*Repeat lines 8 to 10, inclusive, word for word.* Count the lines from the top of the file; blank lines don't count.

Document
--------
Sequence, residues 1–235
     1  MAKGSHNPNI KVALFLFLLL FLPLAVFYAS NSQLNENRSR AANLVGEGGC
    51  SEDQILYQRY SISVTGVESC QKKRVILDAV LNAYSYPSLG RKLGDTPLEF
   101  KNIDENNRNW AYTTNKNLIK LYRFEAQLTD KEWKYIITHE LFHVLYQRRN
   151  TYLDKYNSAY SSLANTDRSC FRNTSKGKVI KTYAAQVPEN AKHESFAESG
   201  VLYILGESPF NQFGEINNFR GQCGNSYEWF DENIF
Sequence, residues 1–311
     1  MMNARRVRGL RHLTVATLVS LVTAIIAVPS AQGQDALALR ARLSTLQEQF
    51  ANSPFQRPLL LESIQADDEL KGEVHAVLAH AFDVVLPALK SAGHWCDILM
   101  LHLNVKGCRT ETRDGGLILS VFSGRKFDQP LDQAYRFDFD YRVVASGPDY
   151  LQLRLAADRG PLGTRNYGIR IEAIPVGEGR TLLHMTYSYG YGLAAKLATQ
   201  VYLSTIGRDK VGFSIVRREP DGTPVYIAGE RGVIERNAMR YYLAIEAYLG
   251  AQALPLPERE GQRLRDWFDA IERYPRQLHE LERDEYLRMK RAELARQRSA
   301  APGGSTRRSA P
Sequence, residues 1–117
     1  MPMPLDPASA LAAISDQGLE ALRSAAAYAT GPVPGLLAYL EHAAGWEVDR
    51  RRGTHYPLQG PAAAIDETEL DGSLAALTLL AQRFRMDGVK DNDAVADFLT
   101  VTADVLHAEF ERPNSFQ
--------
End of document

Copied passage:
     1  MMNARRVRGL RHLTVATLVS LVTAIIAVPS AQGQDALALR ARLSTLQEQF
    51  ANSPFQRPLL LESIQADDEL KGEVHAVLAH AFDVVLPALK SAGHWCDILM
   101  LHLNVKGCRT ETRDGGLILS VFSGRKFDQP LDQAYRFDFD YRVVASGPDY